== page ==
DBEA55AED16C0C92252A6554BC1553B2 Clicky DBEA55AED16C0C92252A6554BC1553B2 Clicky
July 20, 2024
Care to share?

Uganda says it will accede to the SAATM treaty by year-end, even as the African Airlines Association (AFRAA) laments that implementation is slow, despite a majority of African states signing up to the five-year-old pact. Uganda commits to sign for SAATM by year-end.

“We cannot be an island, and so we are going to sign. We have completed the review of the treaty vis-à-vis our aviation law and found that we aligned up to 90 percent. But it is a world of give and take, so we shall have signed by the end of the year,” Uganda’s Minister for Works and Transport, General Katumba Wamala (main picture) told AirInsight.

Wamala was speaking in Kampala on the sidelines of the launch event for the 55th AFRAA AGM, which Uganda will host from 19-21 November 2023. He added that there have also been detailed discussions with the African Civil Aviation Commission (AFCAC) and “the consensus within government is that we are ready to sign for SAATM.”

Wamala’s revelations come on the heels of an April 26 stakeholders meeting during which industry opinion on joining SAATM was sought. They are also in consonance with the theme of the AFRAA AGM whose key themes will be sustainability, interconnectivity, and affordability of air transport in Africa.

African connectivity still a challenge

Speaking at the launch via video link, AFRAA Secretary General Abderahmane Berthe noted that intra-African connectivity was still a challenge, and 22 percent (2019 data) of air passengers still have to fly out of the continent before they can connect with another African country. Affordability is still a challenge with only 10 percent of Africans able to purchase an air ticket.  Berthe attributed this to a high-cost environment, driven by excessive taxation on the industry.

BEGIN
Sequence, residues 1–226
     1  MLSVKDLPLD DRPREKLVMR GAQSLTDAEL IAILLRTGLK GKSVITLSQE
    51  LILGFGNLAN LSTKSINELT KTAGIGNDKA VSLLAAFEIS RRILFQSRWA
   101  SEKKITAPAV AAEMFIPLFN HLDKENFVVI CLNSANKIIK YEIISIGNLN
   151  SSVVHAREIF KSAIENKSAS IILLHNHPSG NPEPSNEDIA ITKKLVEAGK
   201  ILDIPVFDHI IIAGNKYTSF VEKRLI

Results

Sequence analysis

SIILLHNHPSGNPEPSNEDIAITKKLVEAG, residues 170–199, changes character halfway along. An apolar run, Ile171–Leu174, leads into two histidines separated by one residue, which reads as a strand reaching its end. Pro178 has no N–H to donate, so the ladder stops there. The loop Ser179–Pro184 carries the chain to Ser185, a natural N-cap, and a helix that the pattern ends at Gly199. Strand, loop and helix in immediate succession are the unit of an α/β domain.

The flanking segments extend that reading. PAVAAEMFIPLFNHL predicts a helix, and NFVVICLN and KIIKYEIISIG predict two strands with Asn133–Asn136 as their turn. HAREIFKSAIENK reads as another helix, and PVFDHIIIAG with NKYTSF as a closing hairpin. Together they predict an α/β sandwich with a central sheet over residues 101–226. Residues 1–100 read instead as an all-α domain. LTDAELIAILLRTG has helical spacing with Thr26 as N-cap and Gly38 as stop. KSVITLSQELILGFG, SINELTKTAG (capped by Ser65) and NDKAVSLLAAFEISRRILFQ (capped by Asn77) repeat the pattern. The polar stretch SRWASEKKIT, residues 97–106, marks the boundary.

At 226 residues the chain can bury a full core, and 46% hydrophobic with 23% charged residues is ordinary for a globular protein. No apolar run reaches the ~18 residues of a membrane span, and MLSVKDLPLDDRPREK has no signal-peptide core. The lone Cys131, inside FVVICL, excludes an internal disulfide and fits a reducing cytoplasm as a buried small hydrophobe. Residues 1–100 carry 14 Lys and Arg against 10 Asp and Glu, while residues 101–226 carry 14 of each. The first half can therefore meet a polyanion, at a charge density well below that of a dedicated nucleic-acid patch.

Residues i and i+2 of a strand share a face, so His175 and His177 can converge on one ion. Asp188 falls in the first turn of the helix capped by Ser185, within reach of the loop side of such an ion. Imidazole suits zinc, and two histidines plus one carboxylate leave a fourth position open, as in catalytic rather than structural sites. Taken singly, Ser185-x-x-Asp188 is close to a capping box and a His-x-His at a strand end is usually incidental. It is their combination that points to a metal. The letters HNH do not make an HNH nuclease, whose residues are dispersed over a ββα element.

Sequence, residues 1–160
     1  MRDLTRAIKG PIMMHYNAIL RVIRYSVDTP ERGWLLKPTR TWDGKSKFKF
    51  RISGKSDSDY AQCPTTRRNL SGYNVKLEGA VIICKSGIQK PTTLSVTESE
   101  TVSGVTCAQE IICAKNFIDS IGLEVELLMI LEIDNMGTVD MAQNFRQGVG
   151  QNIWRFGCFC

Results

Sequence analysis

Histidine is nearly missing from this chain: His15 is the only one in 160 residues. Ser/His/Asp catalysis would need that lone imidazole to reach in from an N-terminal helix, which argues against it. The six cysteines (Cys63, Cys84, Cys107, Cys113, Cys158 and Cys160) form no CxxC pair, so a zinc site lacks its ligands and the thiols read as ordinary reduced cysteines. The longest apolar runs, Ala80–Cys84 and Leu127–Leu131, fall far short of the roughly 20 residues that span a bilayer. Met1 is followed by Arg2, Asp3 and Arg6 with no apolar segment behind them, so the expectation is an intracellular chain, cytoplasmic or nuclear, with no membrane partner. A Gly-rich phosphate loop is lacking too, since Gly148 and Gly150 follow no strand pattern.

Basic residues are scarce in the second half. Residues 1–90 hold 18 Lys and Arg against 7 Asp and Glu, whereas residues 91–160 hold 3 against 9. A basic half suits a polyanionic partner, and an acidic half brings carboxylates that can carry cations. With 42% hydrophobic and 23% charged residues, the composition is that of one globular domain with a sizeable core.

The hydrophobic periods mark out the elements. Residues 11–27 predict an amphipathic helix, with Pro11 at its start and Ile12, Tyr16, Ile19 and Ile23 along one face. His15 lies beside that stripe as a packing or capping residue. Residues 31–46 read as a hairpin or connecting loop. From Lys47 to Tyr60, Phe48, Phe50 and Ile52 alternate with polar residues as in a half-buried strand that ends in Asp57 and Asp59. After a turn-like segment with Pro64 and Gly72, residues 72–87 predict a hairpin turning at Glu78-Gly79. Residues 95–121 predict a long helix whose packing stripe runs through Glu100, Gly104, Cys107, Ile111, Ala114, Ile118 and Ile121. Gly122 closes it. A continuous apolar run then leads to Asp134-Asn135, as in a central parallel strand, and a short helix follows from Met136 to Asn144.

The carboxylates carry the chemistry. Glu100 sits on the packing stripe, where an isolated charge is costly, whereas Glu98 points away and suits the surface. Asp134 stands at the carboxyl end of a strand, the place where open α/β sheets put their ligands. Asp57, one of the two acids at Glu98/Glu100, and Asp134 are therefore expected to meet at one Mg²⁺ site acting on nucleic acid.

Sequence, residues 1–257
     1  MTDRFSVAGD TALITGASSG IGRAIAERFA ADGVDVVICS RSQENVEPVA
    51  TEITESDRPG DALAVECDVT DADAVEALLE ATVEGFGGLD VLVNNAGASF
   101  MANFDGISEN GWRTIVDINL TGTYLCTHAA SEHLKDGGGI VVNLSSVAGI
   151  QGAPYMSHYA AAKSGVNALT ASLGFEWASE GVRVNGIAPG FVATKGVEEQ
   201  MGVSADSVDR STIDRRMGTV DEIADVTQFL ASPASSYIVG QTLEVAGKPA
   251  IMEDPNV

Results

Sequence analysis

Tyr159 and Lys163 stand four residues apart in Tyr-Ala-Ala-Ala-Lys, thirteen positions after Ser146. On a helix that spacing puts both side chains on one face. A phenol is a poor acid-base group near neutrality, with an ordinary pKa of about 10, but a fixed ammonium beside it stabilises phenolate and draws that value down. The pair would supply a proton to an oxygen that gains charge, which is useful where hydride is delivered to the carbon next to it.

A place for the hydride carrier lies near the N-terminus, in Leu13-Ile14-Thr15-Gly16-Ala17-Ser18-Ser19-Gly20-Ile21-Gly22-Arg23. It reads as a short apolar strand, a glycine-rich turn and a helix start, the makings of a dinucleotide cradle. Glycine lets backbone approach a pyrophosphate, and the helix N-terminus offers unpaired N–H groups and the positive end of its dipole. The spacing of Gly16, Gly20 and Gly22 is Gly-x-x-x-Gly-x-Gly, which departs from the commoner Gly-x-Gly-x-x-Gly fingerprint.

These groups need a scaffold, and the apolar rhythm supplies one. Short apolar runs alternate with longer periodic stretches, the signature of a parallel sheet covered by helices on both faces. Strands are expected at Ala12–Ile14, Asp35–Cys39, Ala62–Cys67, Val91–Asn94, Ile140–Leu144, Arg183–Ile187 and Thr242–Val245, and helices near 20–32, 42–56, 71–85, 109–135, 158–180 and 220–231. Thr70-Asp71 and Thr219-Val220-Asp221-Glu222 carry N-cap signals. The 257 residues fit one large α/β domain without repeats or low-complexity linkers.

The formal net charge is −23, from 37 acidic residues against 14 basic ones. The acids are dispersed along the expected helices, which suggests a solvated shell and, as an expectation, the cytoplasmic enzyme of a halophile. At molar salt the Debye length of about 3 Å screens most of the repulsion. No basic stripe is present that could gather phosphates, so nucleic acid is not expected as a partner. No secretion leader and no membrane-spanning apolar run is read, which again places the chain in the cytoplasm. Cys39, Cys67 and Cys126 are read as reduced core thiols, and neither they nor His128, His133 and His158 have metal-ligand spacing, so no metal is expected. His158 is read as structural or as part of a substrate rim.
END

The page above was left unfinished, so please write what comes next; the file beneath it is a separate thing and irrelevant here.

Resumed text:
Even with 35 member states representing 80 percent of traffic signing up, SAATM was struggling to take off because of a slow pace in aligning bilateral air service agreements with SAATM protocols and lingering reservations about the near-term impacts of SAATM on flag carriers.

“Airlines are not fully comfortable with the implementation of SAATM and Some counties are not fully implementing the Yamoussoukro Decision. They are not granting fourth and fifth freedom rights, so we still need to talk and show them the benefits of liberalization. We are also pushing airlines to talk and cooperate and working to get governments to see the benefits of opening up,” Berthe said.

Cutting the red tape

AFRAA Summit president for 2023 and Uganda Airlines chief executive Jenifer Bamuturaki, said she had made “cutting the red tape that impedes the growth of intra-African connectivity,” a priority during her term because Uganda Airlines was a victim, with its expansion stymied by protectionism.

Bamuturaki says partnerships and collaboration were crucial for the survival of African startups and it was necessary for countries to fully open up and operationalize SAATM.

More than 500 delegates representing airlines, airports, regulators, air navigation service providers, manufacturers, and industry suppliers are expected to converge on Kampala for the AGM.  

author avatar
Richard Schuurman
Active as a journalist since 1987, with a background in newspapers, magazines, and a regional news station, Richard has been covering commercial aviation on a freelance basis since late 2016. Richard is contributing to AirInsight since December 2018. He also writes for Airliner World, Aviation News, Piloot & Vliegtuig, and Luchtvaartnieuws Magazine. Twitter: @rschuur_aero.

Leave a Reply

Your email address will not be published. Required fields are marked *

This site uses Akismet to reduce spam. Learn how your comment data is processed.